There are a range of factors that motivate people to buy a holiday home, investment being one of them. We caught up with Jordan Property Group’s Sue Jordan to find out how you can make the most of your investment property.
Q: Does the location of your holiday home impact the return on your investment?
A: Definitely, you have to do your research. In South East Queensland, there can be oversupply in coastal areas, so if you are looking to buy here you have to make sure the property is unique in some way. Don’t just do what everyone else is doing, because you won’t stand out. You have to always think to yourself, “why would someone choose to stay here over anywhere else?”. Ultimately, your holiday home is a business, and for businesses to make money they have to out-do the competition.
Q: What should readers bear in mind when choosing a location?
A: Make sure people have a reason to go to that area, whether that is being next to a beach or tourist attraction; or being close to a sports stadium, conference centre or big hospital. Transport and parking are also major considerations depending on your target market.
Q: When it comes to choosing the actual property, what are the things to look out for?
A: It is important to remember there is a big difference between an investment property you rent long term and a holiday home that you also rent for short stays. If you don’t intend to use it yourself, the property you choose could be entirely different. When you’re researching make sure you work out your Rate vs Occupancy. Your short-term rental doesn’t have to be full all the time to make money, and conversely, it doesn’t have to have a high price per night to bring in a big profit — as long as you get the bookings.
Q: What advice would you give readers when it comes to managing the property themselves vs using a management company?
A: Managing a holiday let is a 24/7 job 365 days a year. People often burn out managing it themselves long term, but it is a great idea to do it yourself for the first few months so you can get an idea of how the business is going to work. Then you can put a team in place to manage it for you. Part of my job is training people on how to manage their rentals to get good returns.
Q: What are the setup costs that people don’t think about?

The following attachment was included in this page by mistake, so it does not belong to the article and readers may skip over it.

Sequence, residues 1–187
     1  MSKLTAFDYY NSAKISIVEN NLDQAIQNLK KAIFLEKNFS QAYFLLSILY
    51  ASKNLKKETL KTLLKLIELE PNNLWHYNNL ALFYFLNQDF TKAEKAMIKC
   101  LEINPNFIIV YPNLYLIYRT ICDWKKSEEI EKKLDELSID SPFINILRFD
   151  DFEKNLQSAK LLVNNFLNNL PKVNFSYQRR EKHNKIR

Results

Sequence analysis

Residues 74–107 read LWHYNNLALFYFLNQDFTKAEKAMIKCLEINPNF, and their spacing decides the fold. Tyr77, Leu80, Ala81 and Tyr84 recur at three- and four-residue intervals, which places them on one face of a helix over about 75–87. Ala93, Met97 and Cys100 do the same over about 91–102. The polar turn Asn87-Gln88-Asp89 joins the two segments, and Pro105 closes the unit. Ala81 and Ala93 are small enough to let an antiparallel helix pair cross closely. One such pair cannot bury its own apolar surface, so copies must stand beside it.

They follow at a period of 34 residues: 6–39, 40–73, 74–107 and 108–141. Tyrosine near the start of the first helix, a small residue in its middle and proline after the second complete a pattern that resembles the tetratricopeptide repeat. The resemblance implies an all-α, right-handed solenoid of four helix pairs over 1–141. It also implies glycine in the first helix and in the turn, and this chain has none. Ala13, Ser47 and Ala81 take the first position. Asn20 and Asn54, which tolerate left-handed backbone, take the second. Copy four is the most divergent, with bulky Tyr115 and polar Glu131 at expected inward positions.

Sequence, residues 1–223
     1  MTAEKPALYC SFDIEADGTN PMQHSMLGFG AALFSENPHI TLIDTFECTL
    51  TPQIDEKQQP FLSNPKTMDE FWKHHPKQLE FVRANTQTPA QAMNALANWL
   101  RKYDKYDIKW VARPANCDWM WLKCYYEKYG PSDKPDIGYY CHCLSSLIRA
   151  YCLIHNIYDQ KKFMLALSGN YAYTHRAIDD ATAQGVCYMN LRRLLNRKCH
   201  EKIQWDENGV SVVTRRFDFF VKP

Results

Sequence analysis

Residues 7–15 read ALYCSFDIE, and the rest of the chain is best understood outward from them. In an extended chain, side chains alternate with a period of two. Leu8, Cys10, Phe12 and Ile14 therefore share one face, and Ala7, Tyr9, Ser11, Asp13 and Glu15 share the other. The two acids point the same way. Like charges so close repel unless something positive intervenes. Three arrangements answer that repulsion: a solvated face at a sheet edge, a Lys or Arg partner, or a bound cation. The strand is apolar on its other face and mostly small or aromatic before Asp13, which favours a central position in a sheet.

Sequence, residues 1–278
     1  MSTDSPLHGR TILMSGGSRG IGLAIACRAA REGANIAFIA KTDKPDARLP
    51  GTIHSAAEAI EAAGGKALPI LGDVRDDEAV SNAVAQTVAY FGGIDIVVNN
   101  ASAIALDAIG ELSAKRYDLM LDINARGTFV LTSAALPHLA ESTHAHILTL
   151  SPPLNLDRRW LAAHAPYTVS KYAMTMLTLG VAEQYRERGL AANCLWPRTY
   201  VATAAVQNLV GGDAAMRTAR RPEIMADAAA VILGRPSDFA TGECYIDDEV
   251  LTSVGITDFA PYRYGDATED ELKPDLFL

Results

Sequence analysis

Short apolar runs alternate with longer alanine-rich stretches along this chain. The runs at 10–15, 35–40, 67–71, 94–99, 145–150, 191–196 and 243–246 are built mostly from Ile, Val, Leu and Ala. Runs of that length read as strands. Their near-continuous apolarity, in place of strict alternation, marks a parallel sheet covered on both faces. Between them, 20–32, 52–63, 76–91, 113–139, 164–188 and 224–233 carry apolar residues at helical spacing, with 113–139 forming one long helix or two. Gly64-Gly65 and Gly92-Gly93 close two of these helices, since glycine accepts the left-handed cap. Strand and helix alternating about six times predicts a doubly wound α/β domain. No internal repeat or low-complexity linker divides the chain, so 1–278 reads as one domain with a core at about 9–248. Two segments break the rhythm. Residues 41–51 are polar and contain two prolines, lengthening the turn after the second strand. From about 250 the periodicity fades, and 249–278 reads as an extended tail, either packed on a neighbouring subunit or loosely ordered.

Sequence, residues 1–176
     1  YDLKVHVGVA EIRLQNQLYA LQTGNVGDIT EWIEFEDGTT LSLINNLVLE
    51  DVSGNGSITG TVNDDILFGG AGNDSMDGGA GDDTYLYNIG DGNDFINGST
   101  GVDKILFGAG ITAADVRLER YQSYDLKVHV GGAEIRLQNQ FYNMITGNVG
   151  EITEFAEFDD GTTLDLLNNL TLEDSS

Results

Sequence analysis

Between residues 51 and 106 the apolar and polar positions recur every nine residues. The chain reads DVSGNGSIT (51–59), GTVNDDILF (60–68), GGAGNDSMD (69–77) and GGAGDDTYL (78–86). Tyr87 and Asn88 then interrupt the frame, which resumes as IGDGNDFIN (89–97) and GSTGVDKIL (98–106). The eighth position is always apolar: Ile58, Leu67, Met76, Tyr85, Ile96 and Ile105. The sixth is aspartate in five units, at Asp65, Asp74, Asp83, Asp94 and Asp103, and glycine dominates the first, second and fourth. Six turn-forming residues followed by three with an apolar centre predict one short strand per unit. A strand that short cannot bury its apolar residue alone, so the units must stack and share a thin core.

A: When you have to furnish an entire property from scratch you are normally looking at about $10,000 – 15,000 for a one-bedroom apartment, with an extra $3,000 per bedroom on top of that. Furniture, linen, TVs, washing machines, dishwashers, a fridge — even if you buy second hand, it all adds up. Depending on the area you buy in, different local councils will have different application fees when setting up a short-term rental, and different costs for your quarterly rates, this can make a huge difference in both your initial setup costs and ongoing costs. Other ongoing costs to think about include short-term rental insurance, wifi, higher than usual water and electricity bills, cleaning and laundry costs; even small things add up, like refilling tea and coffee or buying toilet rolls.
Q: If you could give PropertyMash readers one tip for maximising the return on their investment, what would it be?
A: To be competitive in today’s online world you need good reviews, a good description and good photos. First impressions count (both online and when they arrive), so if you can present your property well on whichever portal you choose to advertise on, give good customer service, and get great reviews, you will already be ahead of the game.
Q: If you had $500,000 available for a holiday home right now, what/where would you buy to maximise returns?
A: Look for somewhere with poor supply and high demand. Where have you stayed recently that you struggled to find a decent apartment to rent? I think South Brisbane is one of those areas at the minute, and it is close to The Gabba, the Brisbane Convention & Exhibition Centre, etc so there will always be people passing through.
Q: If you had $1 million available for a holiday home right now, what/where would you buy to maximise returns?
A: If you have a large budget consider buying multiple properties. Remember not to put all your eggs in one suburb, so to speak. Buying smart is all about having a backup plan. Plan A would be short-term rentals, but if you buy somewhere where long-term rentals are also in high demand it gives you a Plan B, which is important in today’s volatile market.
Sue is the author of upcoming book Ready, Set, Host: The Ultimate Guide To Setting Up A Short Term Rental, due to be released in 2019.